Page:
According to Ben, one of the best ways to conduct a giveaway is via Goodreads. Goodreads has a system where you can offer as many books as you’d like to, in turn, get book reviews.
Of course, in order to access this system, you need to join Goodreads’ free author program — but it’s usually well worth the effort.
Don’t forget that you can also host giveaways on your website.
“This works particularly well if you’re writing a series. If you’re two or three or more books into the series, you can give away your first book for free. That’s a great way of getting people into your series,” Ben suggests.
HOW TO GET REVIEWS
Once you’ve found the right reviewers for your book, then it’s time to grab their attention (with tact, of course). So what does it take to start reeling in the reviews? Here’s some valuable advice:
Sell reviewers the idea of your book
Oftentimes people are skeptical of free books —
“And rightly so,” Ben adds. “There are a lot of free books flying around and a lot of them aren’t very good.”
So assure your reviewers that you sought them out specifically. They need to know that you are approaching them because you think that it would interest them — tell them why your book would intrigue them.
Don’t just copy and paste a template! Tailor your pitch to the specific reviewer. Different people will be interested in your book for different reasons, so it’s important to hone in on these aspects.
As Ben explains:
“That’s really the key to approaching reviewers. You have to make that pitch where you’re selling them on the idea that your book is really something they should cover. And if you do that and you do that well, there’s a very good chance they’ll say yes.”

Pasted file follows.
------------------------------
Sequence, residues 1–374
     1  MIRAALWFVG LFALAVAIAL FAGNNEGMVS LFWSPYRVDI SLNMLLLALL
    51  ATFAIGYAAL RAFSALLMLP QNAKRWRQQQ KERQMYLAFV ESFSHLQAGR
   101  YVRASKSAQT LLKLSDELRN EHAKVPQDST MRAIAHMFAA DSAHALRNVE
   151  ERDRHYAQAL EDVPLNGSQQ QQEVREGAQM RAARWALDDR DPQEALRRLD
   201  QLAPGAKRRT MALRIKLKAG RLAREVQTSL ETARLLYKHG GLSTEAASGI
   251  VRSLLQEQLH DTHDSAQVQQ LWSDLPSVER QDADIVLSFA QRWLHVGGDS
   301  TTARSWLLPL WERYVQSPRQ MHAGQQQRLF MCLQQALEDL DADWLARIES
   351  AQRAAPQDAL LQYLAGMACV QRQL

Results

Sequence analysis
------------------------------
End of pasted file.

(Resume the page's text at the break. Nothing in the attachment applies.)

Be persistent, but polite
There is a fine line between being persistent and being annoying.
Even if a reviewer says no, it’s very important to remain cordial. Remember that reviewers don’t have any obligation to review your book. They have a lot of books constantly coming their way, and there’s a lot of competition out there.
But it pays to be polite even in the face of rejection. Who knows when you may cross paths again in the future? And, if you do, you certainly don’t want to be remembered for a negative exchange.
Let reviewers know what you expect
Although this may already be obvious to you, it’s important to be clear about what you expect from reviewers.
If you’re looking for a review, be straightforward about it. If you think the outlet would be a better fit for an author interview, be sure to let them know you’re interested in that. If you’d like them to post the review on Amazon (which is a good idea), let them know that as well.
The more upfront you are about what you are asking, the better the chances you’ll get what you want.
Don’t be tempted to pay for “good” reviews
It may seem like a tantalizing shortcut, but Ben warns against paying for “good” reviews. This can get you into deep water with Amazon and other retailers, which just isn’t worth it.
Instead, go about it in an honest way. Make sure that your book is as polished as possible (and edit it thoroughly) before sending it off to a reviewer.
Of course, this is tough work. But you should trust that your endeavor is beneficial in the long run — if you put in the effort to write a great book and track down reviewers for that book, they’ll (hopefully) be eager for your next book.
Keep in mind that not all paid reviews are illegitimate! (For example, Kirkus Reviews and The Bookbag are highly reputable paid review sites that will write lengthy and independent reviews of your book.)
The main message here is just to be discerning when exchanging reviews for cash.
By keeping a professional like Ben Cameron’s considerations in mind, you’ll be on your way to building a successful repertoire of reviews that will get your book the consideration it deserves — and the sales that you want.
So go forth and conquer like the self-publicist you were meant to be!
Questions or comments? Please leave them below.
Tess Patalano is a writer at Reedsy, a marketplace giving authors and publishers access to talented professionals and free educational content. In her spare time, she enjoys writing poetry, taking pictures, and scuba diving.
Believe, Plan, Act: A Platform + Productivity Planner for Writers
A complete platform + productivity planning system for your author business.